Growing seasonal veg using energy efficient systems
I believe that an ecological and preferably local and organic approach is the only way to feed the world sustainably. Part of our quest in adopting this approach at Delfland Nurseries is through using and encouraging energy efficient and sustainable growing systems.
We have been using growing media with 20% green waste compost for our organic plants for many years. My work includes managing our two online shops which sell plants to gardeners (www.organicplants.co.uk) and small growers (www.delfland.co.uk). The plants for both our websites are grown in 100% peat-free media, but we recognise that it can be too expensive for commercial growers. We did a trial in 2013 which demonstrated that there are good peat-free media on the market which are suitable for professional use: see Peat-free trial – final results. Some of the products we tested are available for gardeners including SylvaGrow® (Gardening Which Best Buy, peat-free but not organic) and FertileFibre (organic and peat-free).
Most of our heating for the nursery comes from biomass boilers; we installed our first in 2008, and a second last year. They run on trimmings and thinnings from local forests.
Many small growers just don’t have the time and/or facilities to care for a wide range of transplants as well as looking after their crops, harvesting and marketing. For crops such as leeks, which take many weeks to grow and require heat to prevent bolting, it may well be more efficient for plants to be grown by a (hopefully local) plant raiser. Our gantry systems apply water and feed accurately and maximise the use of space.
Growing your own
Here at Delfland Nurseries we have been producing plants to Soil Association standards for nineteen years. Customers range in size from large companies supplying the multiples to growers who sell direct via local box schemes and farmers’ markets. We want as many people as possible to grow some of their own food. As well as helping people appreciate the skill of commercial growers (never a bad thing!), this minimises food miles. With this in mind, here are some ideas as to what you might like to think about growing now…
Have I left it too late?
Yes and no – it’s way too late to plant some of the winter vegetables such as leeks, sprouts and cauliflowers, but there are still loads of interesting things you can plant now. After all, people used to live off what they could grow all year round in their gardens before the multiples started promoting out of (UK) season produce.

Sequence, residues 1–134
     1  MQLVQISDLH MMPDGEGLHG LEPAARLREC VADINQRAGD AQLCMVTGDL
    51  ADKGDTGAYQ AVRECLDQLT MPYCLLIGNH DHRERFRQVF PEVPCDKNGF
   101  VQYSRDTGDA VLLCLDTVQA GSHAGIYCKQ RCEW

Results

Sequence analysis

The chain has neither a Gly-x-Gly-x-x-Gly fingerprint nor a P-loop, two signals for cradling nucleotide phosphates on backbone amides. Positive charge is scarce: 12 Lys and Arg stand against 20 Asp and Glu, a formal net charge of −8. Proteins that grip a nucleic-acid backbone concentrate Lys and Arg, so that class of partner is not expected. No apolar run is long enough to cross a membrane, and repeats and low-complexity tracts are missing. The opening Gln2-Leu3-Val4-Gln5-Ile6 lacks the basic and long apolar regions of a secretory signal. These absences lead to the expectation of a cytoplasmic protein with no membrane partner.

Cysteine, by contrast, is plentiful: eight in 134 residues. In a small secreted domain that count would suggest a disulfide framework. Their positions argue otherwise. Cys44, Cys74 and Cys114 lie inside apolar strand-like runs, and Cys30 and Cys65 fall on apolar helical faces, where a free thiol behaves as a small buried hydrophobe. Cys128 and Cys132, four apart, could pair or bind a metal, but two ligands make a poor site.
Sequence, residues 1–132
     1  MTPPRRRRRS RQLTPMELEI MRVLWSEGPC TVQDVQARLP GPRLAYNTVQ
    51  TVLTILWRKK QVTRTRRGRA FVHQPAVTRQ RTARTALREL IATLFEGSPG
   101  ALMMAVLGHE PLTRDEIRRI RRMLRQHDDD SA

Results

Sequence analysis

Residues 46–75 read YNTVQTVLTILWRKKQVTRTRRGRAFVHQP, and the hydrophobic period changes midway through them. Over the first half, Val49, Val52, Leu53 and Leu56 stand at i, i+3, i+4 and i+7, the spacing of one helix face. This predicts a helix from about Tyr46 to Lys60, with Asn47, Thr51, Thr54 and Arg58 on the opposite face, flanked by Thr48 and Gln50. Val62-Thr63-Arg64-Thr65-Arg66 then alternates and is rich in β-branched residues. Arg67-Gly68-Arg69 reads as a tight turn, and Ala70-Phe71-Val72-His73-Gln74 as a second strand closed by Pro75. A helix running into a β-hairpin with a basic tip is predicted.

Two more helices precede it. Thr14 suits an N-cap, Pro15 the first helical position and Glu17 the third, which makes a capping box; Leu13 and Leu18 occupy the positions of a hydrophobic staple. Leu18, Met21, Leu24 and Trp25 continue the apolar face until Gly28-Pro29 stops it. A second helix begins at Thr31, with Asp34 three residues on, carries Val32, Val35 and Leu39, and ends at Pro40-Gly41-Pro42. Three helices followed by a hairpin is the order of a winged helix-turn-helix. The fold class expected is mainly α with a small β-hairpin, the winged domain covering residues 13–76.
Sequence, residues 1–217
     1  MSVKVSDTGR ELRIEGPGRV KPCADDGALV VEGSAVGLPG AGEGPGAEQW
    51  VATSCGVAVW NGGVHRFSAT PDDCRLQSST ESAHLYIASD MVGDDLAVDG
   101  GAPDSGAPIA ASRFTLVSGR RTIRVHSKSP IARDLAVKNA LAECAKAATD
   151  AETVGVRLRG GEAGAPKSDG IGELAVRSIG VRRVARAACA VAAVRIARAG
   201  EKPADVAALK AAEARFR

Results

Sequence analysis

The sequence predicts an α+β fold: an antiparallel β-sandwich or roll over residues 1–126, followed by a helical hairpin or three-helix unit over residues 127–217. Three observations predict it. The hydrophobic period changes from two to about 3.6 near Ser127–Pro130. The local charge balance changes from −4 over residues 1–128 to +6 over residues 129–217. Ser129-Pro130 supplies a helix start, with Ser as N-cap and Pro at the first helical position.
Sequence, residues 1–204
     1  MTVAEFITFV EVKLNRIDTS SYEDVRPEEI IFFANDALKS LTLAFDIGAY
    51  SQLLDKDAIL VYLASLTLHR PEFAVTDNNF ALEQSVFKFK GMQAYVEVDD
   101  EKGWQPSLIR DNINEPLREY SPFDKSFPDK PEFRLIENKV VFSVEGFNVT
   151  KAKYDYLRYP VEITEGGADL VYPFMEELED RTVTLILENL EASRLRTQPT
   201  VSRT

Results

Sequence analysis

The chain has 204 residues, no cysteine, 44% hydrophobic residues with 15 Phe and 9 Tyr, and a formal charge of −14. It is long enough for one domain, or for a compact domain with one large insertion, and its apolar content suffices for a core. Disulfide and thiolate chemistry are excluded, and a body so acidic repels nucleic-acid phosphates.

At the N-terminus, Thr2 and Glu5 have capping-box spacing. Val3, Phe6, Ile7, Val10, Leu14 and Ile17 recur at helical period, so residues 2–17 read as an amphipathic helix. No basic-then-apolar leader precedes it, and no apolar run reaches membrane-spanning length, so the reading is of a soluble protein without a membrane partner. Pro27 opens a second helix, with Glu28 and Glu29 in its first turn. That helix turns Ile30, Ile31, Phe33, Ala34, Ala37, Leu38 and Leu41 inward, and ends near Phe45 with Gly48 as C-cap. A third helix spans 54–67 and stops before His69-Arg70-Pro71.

This is the time of year to plant spring cabbage – either the traditional pointed kind or round types. My husband John (who carries hundreds of varieties in his head) still thinks Duncan F1 is the best cabbage on the market for overwintering. My father however, favours Wheeler’s Imperial, a heritage variety that he remembers growing in the 1930’s though it dates from at least 1844. A famous strain of this variety was sold by George Wheeler of Warminster, Wiltshire, a few miles from Dad’s home in Devizes. You can plant both of them a foot apart (30cm), harvest every other one for spring greens and leave the rest to form heads. If you prefer your cabbages round, Sennen F1 is a good modern hybrid which will mature ahead of spring-planted round-head types.
Other brassicas you can plant at this time of year include calabrese Pacifica and the perennial sprouting broccoli 9 Star, but seed has been virtually unobtainable for both of these – we have started saving our own. We are trialling Sibsey F1, a sweet stem broccoli, though it remains to be seen if it is as hardy as the traditional open-pollinated varieties.
Chard and perpetual spinach are both reliable and you can still sow some true spinach if you’re quick. Some oriental vegetables are very cold tolerant e.g. the mustard Giant Red, which lives up to its name.
You can easily grow mixed salads all winter, at a fraction of the price of supermarket packs. They will grow faster in a greenhouse or polytunnel, or under a cloche, but they are perfectly happy outside. Most people prefer a mixture of spicy (rockets, mustards, land cress) and milder leaves such as winter purslane (claytonia; miners’ lettuce), corn salad (lamb’s lettuce; mâche) and mizuna. New varieties of wild rocket include the mildew-tolerant Athena and Dragon’s Tongue which has striking purple veins. All these are easy to grow and respond well to repeated harvesting. You can even grow them in containers if you don’t have any spare ground.
There are a few lettuces that are hardy enough to grow outside over winter, though early plantings under fleece in March may well catch them up. Winter Density is a semi-cos type with dark green very crisp foliage; Arctic King is a butterhead type for growing outside during the winter.
Know your alliums
Overwintering ‘Japanese’ onions can be planted as sets or modules (October). Some varieties of spring (salad) and bunching onions are also hardy, such as Matrix; perennial Welsh onions are a useful fall-back.
Autumn is the best time to plant garlic as most strains require a cool period of 30-60 days with temperatures of 0-10°C (32 – 50°F).
As I write (23 Sep) the outside temperature is 19°C and we may be lucky enough to get a ‘St Luke’s Little Summer’ starting around his feast day on 18 October. So don’t procrastinate any further – get planting now, to give your plants a chance to establish and grow a bit before the winter sets in – you’ll keep yourself supplied with interesting salads and vegetables throughout the winter.
Jill Vaughan originally trained and worked as a soil scientist, before joining her husband’s plant raising business Delfland Nurseries.
Header image: Chard Bright Lights (a mixture of colours including white, cream, yellow, orange, pink and red; harvest from November through to spring).
Photo credit: Ele Overvoorde, Delfland Nurseries Ltd.